Age Isn't an Issue for Hawaii Voters

Hawaii voters demonstrated last week that they don’t think advanced age is a deterrent to serving in the U.S. Senate. In the final primary of ’06, Democrats renominated 82-year-old Sen. Daniel Akaka with a comfortable 55% of the vote. Akaka, who has served in the House and then the Senate for 30 unbroken years, beat back a well-funded challenge from 54-year-old Rep. Ed Case, cousin of AOL tycoon Steve Case. Akaka (lifetime American Conservative Union rating: 8%) and Case (lifetime ACU rating: 22%) agreed on almost every issue, and their contest was a “youth vs. age” battle.

Akaka is not Hawaii’s only 82-year-old senator. The Aloha State’s senior senator is fellow Democrat Daniel K. Inouye, who came to the House shortly after Hawaii became a state in 1959 and has served in the Senate since 1962. Born on Sept. 7, 1924, Inouye is four days older than Akaka.

Republicans had a strong candidate in former Vietnam POW Jerry Coffee. But Coffee announced recently he was abandoning his candidacy for health reasons. The GOP state committee will select a substitute nominee against Akaka.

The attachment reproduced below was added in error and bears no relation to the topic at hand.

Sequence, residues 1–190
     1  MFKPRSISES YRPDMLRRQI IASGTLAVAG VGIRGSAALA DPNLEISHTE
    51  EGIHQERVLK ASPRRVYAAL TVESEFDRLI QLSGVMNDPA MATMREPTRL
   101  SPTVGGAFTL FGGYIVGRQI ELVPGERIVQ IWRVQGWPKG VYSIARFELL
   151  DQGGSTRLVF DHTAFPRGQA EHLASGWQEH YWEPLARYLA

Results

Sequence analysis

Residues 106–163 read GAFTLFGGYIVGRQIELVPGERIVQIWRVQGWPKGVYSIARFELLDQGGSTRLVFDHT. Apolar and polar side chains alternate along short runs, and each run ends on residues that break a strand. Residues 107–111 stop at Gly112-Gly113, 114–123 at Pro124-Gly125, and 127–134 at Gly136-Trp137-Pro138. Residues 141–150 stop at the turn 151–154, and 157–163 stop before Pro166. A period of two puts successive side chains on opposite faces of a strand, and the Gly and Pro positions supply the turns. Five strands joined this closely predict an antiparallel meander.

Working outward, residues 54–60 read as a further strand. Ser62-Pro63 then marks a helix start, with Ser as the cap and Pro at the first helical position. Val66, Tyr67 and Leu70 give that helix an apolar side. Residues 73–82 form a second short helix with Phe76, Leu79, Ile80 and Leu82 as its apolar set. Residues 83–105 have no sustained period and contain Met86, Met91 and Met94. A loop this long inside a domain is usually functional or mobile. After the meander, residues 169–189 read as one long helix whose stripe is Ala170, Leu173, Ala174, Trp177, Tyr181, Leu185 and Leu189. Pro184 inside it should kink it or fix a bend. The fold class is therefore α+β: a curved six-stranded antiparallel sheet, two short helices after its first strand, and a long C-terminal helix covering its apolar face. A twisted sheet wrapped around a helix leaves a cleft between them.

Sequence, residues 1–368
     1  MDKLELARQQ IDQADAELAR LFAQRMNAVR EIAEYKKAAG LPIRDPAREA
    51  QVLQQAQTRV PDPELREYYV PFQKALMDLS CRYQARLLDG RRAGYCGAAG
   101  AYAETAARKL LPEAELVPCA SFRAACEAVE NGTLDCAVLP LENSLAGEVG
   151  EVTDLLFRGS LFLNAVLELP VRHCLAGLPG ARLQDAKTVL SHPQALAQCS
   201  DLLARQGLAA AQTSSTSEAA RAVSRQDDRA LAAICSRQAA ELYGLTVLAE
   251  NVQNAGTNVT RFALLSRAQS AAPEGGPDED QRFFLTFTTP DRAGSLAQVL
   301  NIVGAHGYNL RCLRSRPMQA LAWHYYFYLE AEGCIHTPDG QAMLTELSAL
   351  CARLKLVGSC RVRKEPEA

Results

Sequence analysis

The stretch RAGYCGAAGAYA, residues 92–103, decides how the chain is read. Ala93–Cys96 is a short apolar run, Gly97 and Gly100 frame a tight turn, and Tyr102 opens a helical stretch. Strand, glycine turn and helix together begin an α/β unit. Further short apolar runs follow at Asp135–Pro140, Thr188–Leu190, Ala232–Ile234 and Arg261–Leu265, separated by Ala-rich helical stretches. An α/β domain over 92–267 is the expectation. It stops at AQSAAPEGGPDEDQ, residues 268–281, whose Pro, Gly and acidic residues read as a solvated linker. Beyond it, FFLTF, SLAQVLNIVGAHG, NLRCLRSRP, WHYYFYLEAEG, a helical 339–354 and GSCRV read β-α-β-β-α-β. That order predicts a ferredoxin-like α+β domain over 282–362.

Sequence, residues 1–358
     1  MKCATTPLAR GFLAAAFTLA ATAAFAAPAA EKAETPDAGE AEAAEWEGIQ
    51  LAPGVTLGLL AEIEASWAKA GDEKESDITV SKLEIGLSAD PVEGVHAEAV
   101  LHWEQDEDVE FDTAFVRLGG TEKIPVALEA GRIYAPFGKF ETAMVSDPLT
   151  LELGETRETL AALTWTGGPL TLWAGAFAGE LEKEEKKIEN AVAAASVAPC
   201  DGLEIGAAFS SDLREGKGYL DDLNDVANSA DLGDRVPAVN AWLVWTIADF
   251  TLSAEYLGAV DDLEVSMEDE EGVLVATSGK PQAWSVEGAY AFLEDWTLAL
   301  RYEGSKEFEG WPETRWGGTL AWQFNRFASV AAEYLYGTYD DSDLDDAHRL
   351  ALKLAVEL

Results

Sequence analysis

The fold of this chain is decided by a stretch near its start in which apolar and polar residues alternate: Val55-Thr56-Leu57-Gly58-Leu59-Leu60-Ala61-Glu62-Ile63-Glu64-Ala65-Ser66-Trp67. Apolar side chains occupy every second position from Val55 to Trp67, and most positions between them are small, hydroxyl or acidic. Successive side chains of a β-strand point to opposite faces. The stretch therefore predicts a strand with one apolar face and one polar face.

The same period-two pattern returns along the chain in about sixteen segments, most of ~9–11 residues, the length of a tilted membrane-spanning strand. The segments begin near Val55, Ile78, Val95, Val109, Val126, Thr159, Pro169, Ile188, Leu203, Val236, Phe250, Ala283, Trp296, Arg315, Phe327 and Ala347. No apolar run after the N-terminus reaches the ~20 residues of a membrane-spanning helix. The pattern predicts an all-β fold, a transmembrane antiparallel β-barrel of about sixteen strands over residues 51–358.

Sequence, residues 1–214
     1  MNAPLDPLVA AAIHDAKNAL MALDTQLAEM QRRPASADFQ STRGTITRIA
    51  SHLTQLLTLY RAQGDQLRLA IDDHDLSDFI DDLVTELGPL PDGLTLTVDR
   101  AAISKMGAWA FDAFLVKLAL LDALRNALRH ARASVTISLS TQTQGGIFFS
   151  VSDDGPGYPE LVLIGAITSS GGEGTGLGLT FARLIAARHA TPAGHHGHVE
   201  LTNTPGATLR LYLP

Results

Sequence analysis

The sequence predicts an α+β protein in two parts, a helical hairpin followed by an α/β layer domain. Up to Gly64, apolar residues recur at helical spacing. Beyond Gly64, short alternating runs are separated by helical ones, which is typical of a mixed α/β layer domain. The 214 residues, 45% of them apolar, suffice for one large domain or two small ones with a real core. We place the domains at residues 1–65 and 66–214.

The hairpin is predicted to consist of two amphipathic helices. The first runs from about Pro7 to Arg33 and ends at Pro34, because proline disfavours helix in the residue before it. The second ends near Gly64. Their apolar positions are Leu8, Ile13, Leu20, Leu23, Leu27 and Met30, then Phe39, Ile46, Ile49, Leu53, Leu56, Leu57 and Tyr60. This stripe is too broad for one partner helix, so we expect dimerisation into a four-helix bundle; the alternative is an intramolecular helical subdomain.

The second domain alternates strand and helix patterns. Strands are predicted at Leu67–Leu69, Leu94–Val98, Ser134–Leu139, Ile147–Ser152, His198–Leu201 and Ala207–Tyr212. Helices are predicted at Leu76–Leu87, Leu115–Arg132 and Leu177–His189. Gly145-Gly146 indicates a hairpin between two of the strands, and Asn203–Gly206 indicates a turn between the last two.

Ten Democrats vied for nomination in the Honolulu-based 2nd District that Case has held for four years. Topping the primary field was former Lt. Gov. Mazie K. Hirono, who in ’02 became the first Democrat to lose the governorship of Hawaii in 40 years. (She lost to Republican Linda Lingle, who is running for re-election this year. ).

Along with name recognition, Hirono benefited from strong financial backing from the rabidly pro-abortion EMILY’s List. The decidedly leftist Hirono also called for establishing a U.S. Department of Peace.

Republicans had a rare contested primary in the 2nd District. State Sen. Bob Hogue, a former TV sportscaster, apparently won the GOP nod by about 200 votes. Hogue edged out more moderate former state legislator Quentin Kawananakoa, a descendant of Hawaiian royalty.